If you looked down from our house, out toward Lake Superior, you could see the Lift Bridge in the distance. It was usually shrouded in fog when the spring grew warm and the ice was starting to break—but today the sun was harsh in its brightness, burning off the haze and casting even the smallest details in sharp relief. Between here and the vast expanses of our fresh-water sea, Mr. Waters had a Chinese junk in the marina down in Harbor Cove. He lived across the street from us, on a deeply wooded double lot with a cedar-shake bungalow.
Mr. Waters was a different kind of weird. In addition to his junk, he had Buddhist statues in his backyard (as we learned when we checked to see if he might be growing some herb back there). He wore socks and sandals and corduroy jackets. His bright red afro practically glowed in the sun and, you have to say, he was a guy who carried himself like a fucking MAN. No one messed with Mr. Waters in class. Mr. Waters knew how to make those droids not the droids you were looking for—you know what I mean?
He and his afro were now walking across the street, with the calm expression of someone up to serious express purposes.
“I heard,” he said.
I guess by now everyone had heard about how bad the Danny Hakala fight had been. He stood with his arms at his sides and let the silence expand and melt into the street with the snow.
“It’s OK,” I said. “I’m leaving.”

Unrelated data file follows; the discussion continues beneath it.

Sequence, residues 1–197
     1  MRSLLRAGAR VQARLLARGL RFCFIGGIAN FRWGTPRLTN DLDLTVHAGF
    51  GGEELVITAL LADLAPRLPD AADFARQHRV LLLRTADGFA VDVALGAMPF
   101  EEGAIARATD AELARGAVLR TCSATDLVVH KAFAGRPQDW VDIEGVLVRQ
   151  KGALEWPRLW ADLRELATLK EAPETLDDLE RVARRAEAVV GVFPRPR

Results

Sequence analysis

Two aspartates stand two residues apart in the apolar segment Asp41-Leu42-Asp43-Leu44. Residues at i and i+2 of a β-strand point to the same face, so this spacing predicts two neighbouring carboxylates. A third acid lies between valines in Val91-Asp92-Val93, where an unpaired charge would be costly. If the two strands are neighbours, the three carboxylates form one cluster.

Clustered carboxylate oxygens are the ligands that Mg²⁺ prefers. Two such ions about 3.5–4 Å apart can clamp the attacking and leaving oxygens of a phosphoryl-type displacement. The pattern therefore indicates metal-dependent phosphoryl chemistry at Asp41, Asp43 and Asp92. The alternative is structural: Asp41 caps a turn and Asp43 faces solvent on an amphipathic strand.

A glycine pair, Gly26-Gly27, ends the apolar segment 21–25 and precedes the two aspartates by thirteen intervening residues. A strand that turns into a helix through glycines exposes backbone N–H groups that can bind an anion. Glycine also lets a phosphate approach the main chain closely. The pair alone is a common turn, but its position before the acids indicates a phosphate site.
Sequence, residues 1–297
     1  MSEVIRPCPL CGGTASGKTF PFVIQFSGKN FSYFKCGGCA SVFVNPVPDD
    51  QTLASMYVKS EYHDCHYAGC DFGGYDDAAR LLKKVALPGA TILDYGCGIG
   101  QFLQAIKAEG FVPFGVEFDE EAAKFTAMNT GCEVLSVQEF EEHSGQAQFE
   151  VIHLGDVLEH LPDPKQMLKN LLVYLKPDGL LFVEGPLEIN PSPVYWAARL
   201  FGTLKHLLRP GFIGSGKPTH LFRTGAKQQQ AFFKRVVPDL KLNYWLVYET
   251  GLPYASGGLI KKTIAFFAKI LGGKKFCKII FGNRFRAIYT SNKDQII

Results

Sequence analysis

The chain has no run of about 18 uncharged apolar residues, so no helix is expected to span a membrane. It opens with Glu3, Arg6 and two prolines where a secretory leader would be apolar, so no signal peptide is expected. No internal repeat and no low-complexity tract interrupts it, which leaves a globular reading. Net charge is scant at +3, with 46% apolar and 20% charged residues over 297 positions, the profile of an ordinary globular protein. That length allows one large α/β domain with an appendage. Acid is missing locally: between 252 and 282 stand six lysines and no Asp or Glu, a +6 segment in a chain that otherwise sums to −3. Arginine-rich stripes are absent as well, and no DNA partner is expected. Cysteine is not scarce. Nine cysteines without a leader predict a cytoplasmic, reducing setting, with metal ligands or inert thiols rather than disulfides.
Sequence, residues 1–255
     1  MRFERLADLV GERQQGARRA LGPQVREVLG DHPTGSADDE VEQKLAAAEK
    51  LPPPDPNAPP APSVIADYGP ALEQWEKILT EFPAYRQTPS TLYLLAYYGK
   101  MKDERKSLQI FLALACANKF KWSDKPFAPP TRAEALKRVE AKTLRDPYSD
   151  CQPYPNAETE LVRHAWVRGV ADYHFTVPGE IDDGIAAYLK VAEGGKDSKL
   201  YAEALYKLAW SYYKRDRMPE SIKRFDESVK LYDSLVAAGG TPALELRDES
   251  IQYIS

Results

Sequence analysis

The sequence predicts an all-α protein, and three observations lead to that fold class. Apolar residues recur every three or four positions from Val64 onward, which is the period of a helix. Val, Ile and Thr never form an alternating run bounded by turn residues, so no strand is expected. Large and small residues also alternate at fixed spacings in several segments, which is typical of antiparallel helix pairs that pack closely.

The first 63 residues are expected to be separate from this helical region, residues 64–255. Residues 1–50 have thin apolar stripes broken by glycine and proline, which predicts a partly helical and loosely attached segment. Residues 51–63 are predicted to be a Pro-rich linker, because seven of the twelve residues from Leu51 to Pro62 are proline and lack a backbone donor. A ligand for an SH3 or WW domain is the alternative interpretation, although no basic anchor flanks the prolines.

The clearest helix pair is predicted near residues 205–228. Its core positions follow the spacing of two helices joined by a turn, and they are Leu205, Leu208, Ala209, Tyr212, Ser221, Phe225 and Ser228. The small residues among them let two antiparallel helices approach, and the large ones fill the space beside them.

“Yeah… It’s probably time for another journey. You must get tired of those sometimes.”
“Look. Uh, I’m fine. I move back and forth from mom to dad all the time… Almost every couple years. I’m used to it… Win a case, lose a case, pack a case, either case.”
“You’re not fine,” said Mr. Waters. “But that’s OK. Sometimes the worst thing that can happen to someone who is lost is that they become found in the wrong place, wrong circumstance, Finn. They define ‘OK’ by where they happen to be: that’s worse than being lost.”
Mr. Waters, apart from being my neighbor, was our 11th grade biology teacher. And as weird as it was that he was talking to me now, it became retrospectively weirder, that he was talking to me now, for the first time, about something other than DNA and RNA and everything else that conspires to make life—and make life fucked.
“I don’t know what that means…” I said. It was, you have to admit, a lot to drop on the neighbor kid. “Why,” I asked, “are you really here?”
“Mr. Kingston told me you were being expelled. That child services investigated. That this was probably going to be another ride on the bus for you.”
“Pretty much.”
“I wanted you to have this, Finn.” He handed me a paperback, a bit beat up, but the nice kind of paperback with the sewn-in pages and the cover flaps. “It was my copy. Consider this a kind of transmission.”
Japanese or Chinese characters mixed in with the English characters on the cover. “Lotus in Ashes? What’s a Mumonkan?”